I must say that I very much enjoyed the UACES conference in Cambridge last week, especially some of the finished and ongoing research I was able to witness. Listening to the presentations, discussions and interventions, I’d say some of the people who were there would make pretty good EU bloggers.
Here are some of the issues I found interesting and that I either saw or read at the conference:
- Gijs Jan Brandsma’s paper (PDF) on agreements between the EU institutions on how they share information;
- Amy Busby’s presentation (abstract) on her ethnographic research on the role of assistants and interns in the EP;
- Mathias Dobbels’ and Christine Neuhold’s paper (PDF) on the role of European Parliament committee staff, especially the part on the Fisheries Committee (one of the rare looks into EU fishery policy dynamics);
- Katja Seidel’s presentation (abstract) on her research into the early days of DG Agriculture and how this has affected the development of the Common Agricultural policy of the EU;
- Oana Stefan’s presentation (abstract) outlining plans to do research into transparency rules and practices at the EU Court;
- Anna Hyvärinen’s paper and presentation (abstract) on the influence of Finnish diplomats during the negotiation on the EU Telecoms Package and the Consumer Credits Directive.
- Jeffrey David Turk’s and Tatiana Bajuk Sencar presentation (abstract) on their interview series with Slovenian diplomats and officials right after their presidency.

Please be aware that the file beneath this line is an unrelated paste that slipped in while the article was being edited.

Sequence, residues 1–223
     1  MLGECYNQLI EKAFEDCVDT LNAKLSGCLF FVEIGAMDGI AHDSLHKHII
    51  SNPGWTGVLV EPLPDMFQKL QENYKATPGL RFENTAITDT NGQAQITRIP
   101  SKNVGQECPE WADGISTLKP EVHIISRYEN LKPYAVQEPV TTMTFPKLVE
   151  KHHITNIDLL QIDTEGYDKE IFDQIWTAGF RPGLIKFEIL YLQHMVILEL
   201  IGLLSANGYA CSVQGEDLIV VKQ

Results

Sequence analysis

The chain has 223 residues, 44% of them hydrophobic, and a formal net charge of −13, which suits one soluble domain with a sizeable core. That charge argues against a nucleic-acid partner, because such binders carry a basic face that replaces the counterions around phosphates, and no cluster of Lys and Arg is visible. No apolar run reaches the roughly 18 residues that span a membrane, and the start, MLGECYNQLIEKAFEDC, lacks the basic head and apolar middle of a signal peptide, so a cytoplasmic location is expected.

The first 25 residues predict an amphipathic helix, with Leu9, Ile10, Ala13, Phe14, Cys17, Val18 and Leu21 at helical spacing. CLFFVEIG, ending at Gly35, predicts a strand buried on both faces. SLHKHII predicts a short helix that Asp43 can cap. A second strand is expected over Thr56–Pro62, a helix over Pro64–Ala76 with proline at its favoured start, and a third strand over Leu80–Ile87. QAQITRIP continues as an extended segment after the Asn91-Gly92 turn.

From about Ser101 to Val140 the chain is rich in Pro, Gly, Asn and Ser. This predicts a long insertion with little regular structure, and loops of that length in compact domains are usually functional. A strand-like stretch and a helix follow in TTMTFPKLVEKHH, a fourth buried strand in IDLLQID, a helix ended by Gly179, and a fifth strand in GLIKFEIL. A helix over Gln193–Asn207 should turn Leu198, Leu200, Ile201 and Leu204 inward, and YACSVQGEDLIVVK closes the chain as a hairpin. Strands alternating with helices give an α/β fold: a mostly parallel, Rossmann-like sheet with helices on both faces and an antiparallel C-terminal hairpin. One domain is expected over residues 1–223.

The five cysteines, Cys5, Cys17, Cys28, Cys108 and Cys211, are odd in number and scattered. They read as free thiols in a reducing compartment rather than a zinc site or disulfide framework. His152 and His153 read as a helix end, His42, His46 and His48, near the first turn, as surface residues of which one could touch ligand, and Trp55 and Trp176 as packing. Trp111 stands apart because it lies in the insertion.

An interesting remark came from Amy Brusby in the final panel session of the conference where she remarked that there seems to be a raising interesting in the role that information play in the policy-process at EU level and how rules and practices shape how officials, policy-makers, societal organisations get access to and filter relevant information. I also found this point noteworthy and some of the papers/abstracts linked above actually take up these issues quite directly.
As my research goes into this direction, it was encouraging to see the different perspectives taken on the role of information and expertise. I think it is also nice to see, as one could see in a number of paper, that more research seems to look into the actual role that non-elected officials (inside but especially outside the Commission) play in the policy-process at EU level, dynamics I find interesting both as a researcher but also as a blogger.
Altogether, these were 3 1/2 very refreshing days with a lot of interesting perspectives (also a number of less interesting perspectives – but that’s normal, I suppose). Definitely worth going if one is interested in EU affairs.